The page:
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Hepatology. 2016 May;63(5):1660-74. doi: 10.1002/hep.28286. Epub 2015 Dec 18.

Akt-mediated foxo1 inhibition is required for liver regeneration.

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Department of Biochemistry and Molecular Genetics, Hospital Clinic of Barcelona, Institut d'Investigacions Biomèdiques August Pi i Sunyer (IDIBAPS), Centro de Investigaciones Biomédicas en Red en Enfermedades Hepáticas y Digestivas (CIBERehd), Barcelona, Spain.
Departments of Medicine and Cell Biology, Leon H. Charney Division of Cardiology, New York University School of Medicine, New York, NY.
Vascular Biology and Therapeutics Program, Yale University School of Medicine, New Haven, CT.
Integrative Cell Signaling and Neurobiology of Metabolism Program, Section of Comparative Medicine and Department of Pathology, Yale University School of Medicine, New Haven, CT.
Edward A. Doisy Department of Biochemistry & Molecular Biology and Center for Cardiovascular Research, Saint Louis University, St. Louis, MO.
Institute for Diabetes, Obesity, and Metabolism, Perelman School of Medicine, University of Pennsylvania, Philadelphia, PA.
Lilly China Research and Development Center, Shanghai, People's Republic of China.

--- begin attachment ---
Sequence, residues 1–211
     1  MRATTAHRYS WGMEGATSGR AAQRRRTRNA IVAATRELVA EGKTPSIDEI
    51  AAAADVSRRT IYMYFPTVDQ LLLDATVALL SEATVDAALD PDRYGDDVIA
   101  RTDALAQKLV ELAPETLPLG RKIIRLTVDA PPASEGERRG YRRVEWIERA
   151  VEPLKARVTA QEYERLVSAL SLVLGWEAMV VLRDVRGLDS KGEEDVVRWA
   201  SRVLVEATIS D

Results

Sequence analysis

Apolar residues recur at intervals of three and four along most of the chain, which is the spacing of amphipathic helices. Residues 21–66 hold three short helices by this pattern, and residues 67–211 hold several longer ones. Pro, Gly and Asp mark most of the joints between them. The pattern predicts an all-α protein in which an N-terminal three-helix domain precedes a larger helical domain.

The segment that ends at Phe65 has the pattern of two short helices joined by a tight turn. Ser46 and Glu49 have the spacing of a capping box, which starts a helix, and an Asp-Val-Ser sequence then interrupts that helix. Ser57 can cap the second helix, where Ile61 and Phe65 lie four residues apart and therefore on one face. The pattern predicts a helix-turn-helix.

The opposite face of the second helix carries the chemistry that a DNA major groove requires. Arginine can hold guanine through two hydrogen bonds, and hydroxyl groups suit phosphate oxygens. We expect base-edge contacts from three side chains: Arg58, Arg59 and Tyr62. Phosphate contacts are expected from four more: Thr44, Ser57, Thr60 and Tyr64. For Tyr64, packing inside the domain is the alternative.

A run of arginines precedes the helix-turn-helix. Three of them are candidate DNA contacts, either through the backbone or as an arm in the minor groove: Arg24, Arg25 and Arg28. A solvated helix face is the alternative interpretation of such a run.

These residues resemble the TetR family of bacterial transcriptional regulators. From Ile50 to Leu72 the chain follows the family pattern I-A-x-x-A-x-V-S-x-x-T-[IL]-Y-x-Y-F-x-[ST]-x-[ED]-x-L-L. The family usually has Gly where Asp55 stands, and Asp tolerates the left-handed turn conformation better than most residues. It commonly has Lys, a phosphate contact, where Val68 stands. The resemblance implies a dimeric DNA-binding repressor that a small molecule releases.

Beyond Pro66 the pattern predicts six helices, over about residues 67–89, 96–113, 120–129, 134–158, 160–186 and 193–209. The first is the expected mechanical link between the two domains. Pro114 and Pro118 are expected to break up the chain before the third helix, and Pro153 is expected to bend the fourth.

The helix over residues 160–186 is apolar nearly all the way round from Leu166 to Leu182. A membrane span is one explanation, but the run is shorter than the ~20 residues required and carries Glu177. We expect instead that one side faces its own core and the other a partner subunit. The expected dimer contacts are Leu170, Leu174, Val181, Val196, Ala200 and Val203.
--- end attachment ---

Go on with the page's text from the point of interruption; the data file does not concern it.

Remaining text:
Barcelona Clinic Liver Cancer Group, Liver Unit, Hospital Clínic of Barcelona, University of Barcelona, IDIBAPS, CIBERehd, Barcelona, Spain.
Department of Physiological Sciences I, University of Barcelona, Barcelona, Spain.


Understanding the hepatic regenerative process has clinical interest as the effectiveness of many treatments for chronic liver diseases is conditioned by efficient liver regeneration. Experimental evidence points to the need for a temporal coordination between cytokines, growth factors, and metabolic signaling pathways to enable successful liver regeneration. One intracellular mediator that acts as a signal integration node for these processes is the serine-threonine kinase Akt/protein kinase B (Akt). To investigate the contribution of Akt during hepatic regeneration, we performed partial hepatectomy in mice lacking Akt1, Akt2, or both isoforms. We found that absence of Akt1 or Akt2 does not influence liver regeneration after partial hepatectomy. However, hepatic-specific Akt1 and Akt2 null mice show impaired liver regeneration and increased mortality. The major abnormal cellular events observed in total Akt-deficient livers were a marked reduction in cell proliferation, cell hypertrophy, glycogenesis, and lipid droplet formation. Most importantly, liver-specific deletion of FoxO1, a transcription factor regulated by Akt, rescued the hepatic regenerative capability in Akt1-deficient and Akt2-deficient mice and normalized the cellular events associated with liver regeneration.


The Akt-FoxO1 signaling pathway plays an essential role during liver regeneration.

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